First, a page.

These women came together in 2002 and decided that they had had enough, and they would paddle wooden canoes up to huge oil platforms and climb on them and actually threaten to take their shirts off, which in Africa is a very big threat, and actually scared — the oil workers said, "Well, we’ve been trained for every possible security threat, but we were never trained for hundreds of women to come in here and threaten to take their shirts off." And it was very effective. And for the first time, something called an MOU was signed, which is a memorandum of understanding.
And those women were demanding fairly basic things, like jobs, some remediation of the environment, water, electricity, healthcare, basic infrastructure that you would expect, that if you have $38 billion annually of revenue going to your government, that you would have, and they have none of those things. In fact, they have quite the opposite. They have their livelihood taken away from them. The huge rivers of the Niger Delta used to yield fish that were just enormous. One day’s catch could feed your family for a week. Now, the fish are — and I’ve filmed this, I’ve seen it — the fish are tiny. They have almost no meat. And they’re pure poison. They’re just soaking up oil, acid rain. So these women have suffered an enormous amount.
They commandeered these oil platforms. They got the MOUs signed. Very sadly, those MOUs have mostly gone —
AMY GOODMAN: Memos of understanding.
SANDY CIOFFI: Memoranda of understanding have largely gone unfulfilled. So many of those women have sons and have, through those women’s groups and then student groups, have said, "We have to step this up to another level." I was actually under the impression before I was there this summer that many of the women would take issue with the choice to move toward violence. I was surprised to find that many of them actually feel that that’s necessary at this point.
AMY GOODMAN: Sandy Cioffi, we’re going to break, then come back and also hear a clip of Wole Soyinka, the Nobel Literature Prize winner talking about his country, Nigeria. This is Democracy Now!, democracynow.org. Sandy Cioffi is the director of a new film she’s making called Sweet Crude. She’s just returned from the Niger Delta. Stay with us.
AMY GOODMAN: We are continuing with Sandy Cioffi, documentary filmmaker, director of a new film called Sweet Crude. I wanted to play a clip of Wole Soyinka. He is a renowned writer from Nigeria, won the Nobel Prize for Literature for his writing. He joined us in our studio in April. This is what he had to say about the situation in the Niger Delta.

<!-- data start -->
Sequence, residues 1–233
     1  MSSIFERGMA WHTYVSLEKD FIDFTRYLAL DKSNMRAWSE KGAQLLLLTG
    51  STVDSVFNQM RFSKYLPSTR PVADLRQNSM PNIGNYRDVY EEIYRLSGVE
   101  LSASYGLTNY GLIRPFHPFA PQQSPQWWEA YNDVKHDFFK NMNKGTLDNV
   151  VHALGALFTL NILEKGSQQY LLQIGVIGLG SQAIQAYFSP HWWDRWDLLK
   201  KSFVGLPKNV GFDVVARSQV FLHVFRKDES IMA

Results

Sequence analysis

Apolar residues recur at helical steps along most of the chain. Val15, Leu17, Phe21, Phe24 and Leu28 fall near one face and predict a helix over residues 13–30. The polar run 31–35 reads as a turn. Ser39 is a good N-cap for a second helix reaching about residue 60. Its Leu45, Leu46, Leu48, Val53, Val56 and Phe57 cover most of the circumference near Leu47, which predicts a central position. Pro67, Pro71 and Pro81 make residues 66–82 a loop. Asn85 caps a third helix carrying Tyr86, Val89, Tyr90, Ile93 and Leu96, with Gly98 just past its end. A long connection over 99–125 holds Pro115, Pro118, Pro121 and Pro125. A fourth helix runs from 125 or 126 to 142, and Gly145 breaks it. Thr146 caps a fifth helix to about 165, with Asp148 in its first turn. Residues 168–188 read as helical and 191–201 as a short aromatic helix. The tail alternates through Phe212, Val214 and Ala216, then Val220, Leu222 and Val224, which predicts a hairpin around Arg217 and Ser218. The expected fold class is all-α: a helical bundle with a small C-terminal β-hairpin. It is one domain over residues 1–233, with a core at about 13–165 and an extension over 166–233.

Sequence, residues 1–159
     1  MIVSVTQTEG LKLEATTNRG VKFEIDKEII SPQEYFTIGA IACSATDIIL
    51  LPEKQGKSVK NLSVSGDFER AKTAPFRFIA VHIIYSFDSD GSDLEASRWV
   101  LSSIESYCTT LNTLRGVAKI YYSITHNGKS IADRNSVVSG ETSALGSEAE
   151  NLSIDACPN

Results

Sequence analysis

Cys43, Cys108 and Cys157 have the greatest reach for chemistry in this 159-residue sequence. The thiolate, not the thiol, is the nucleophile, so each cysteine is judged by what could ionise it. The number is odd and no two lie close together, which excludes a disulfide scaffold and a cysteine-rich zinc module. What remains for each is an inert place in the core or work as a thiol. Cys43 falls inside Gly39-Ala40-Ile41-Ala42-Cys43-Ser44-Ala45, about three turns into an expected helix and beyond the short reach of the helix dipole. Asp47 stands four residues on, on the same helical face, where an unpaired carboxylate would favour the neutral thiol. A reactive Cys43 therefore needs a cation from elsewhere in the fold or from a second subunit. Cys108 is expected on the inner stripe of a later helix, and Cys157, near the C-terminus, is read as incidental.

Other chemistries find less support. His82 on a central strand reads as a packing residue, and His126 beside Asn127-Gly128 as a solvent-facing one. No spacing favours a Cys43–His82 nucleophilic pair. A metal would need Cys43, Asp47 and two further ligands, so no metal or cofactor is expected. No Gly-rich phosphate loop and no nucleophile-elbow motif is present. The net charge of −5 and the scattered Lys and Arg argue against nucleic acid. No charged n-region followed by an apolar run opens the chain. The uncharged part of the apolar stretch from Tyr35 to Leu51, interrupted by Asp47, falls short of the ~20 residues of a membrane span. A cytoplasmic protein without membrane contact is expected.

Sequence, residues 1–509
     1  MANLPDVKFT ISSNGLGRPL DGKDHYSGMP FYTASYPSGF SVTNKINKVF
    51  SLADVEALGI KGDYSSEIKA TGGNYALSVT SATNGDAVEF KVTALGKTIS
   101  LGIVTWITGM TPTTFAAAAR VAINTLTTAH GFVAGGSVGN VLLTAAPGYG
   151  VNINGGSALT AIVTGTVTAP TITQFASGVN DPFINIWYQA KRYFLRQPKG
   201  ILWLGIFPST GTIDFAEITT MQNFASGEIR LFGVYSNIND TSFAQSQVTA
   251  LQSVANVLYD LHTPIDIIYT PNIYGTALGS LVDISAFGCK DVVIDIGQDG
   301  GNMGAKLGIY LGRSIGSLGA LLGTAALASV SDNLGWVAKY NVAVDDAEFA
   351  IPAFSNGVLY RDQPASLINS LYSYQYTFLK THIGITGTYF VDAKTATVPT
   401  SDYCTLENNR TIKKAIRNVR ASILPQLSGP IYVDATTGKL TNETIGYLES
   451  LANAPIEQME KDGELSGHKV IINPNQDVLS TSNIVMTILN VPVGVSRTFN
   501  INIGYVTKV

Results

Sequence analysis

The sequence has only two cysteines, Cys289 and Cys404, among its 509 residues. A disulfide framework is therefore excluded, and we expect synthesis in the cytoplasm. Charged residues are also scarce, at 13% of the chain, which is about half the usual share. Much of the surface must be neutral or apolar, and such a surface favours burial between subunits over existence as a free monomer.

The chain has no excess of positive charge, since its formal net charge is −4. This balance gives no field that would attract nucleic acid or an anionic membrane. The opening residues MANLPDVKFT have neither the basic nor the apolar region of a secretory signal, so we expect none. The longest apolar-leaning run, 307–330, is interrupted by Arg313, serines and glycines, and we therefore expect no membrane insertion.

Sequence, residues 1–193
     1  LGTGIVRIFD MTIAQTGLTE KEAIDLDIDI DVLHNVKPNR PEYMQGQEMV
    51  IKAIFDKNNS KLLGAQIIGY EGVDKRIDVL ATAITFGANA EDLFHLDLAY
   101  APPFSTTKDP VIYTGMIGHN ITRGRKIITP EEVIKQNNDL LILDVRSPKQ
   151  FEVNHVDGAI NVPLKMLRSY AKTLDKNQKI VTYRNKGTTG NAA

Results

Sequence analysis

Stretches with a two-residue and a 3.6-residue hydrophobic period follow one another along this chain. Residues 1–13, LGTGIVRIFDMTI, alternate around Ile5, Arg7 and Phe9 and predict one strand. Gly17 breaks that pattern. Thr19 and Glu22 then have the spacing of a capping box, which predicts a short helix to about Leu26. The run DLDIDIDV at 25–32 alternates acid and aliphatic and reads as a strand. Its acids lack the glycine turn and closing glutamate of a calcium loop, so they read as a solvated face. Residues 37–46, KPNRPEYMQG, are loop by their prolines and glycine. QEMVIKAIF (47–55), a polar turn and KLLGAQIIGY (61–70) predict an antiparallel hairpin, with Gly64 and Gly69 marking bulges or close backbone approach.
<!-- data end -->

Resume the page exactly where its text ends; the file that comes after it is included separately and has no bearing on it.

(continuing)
WOLE SOYINKA: Well, some of these companies and the governments that they represent, in some cases, make a mistake when they think that the indigenous of the land from whom this wealth is extracted, illiterate, not knowledgeable, uninformed, this is the fundamental mistake which they make. The thing they do not — those who actually live there and whose land has been degraded, whose fishing ponds are being polluted, whose farm lands have been totally rendered useless for farming purposes, whose very air has been completely toxified by decades of gas flaring, they make a mistake when they think they do not observe the digits of profit, the statistics of profit being turned in by the companies, in other words, to the detriment of their own existence.
And so, the militancy in the oil-producing region has escalated in recent months. You must have heard of hostage-taking, and I personally, I’m in a position to tell you that I have participated in the efforts to release those hostages, which came to a successful conclusion. So I am in touch with some of these people, these young people, highly motivated. They are not thugs. They are not riffraff, as they are sometimes portrayed. They are disciplined. And they are determined to correct decades of injustice, and that’s all they’re really after. You may disagree with their methods, but believe me, nobody should underestimate the very deep motivation that impels these people.
AMY GOODMAN: Nobel Prize winner Wole Soyinka, in our studio this past April. Sandy Cioffi, he’s talking about the original MEDN, the activists. He participated in some of the negotiations around hostage release.
SANDY CIOFFI: Mm-hmm, as did Oronto Douglas, a fairly well-known environmental activist, who we’ve interviewed. I think this really brings up an important question about the role of legitimate resistance movements post-September 11th. It is mass media’s inclination to instantly start using the word "terrorist." And what seems to be true on the ground right now for the best of our ability to just determine what’s going on, is that there are some either splinter groups or some people are accusing the Nigerian government, with the support of US intelligence, in intentionally muddying the waters of this resistance movement, which was beginning to get fairly strong pan-Delta support. And as the elections are looming in Nigeria, this would be the first peaceful election if it were to occur in April. The stakes are quite high right now. And having a very strong legitimate resistance movement gaining some international sympathy seems to be very dangerous to the forces that want continued unfettered profits with absolutely no spotlight on looking at these land-use laws.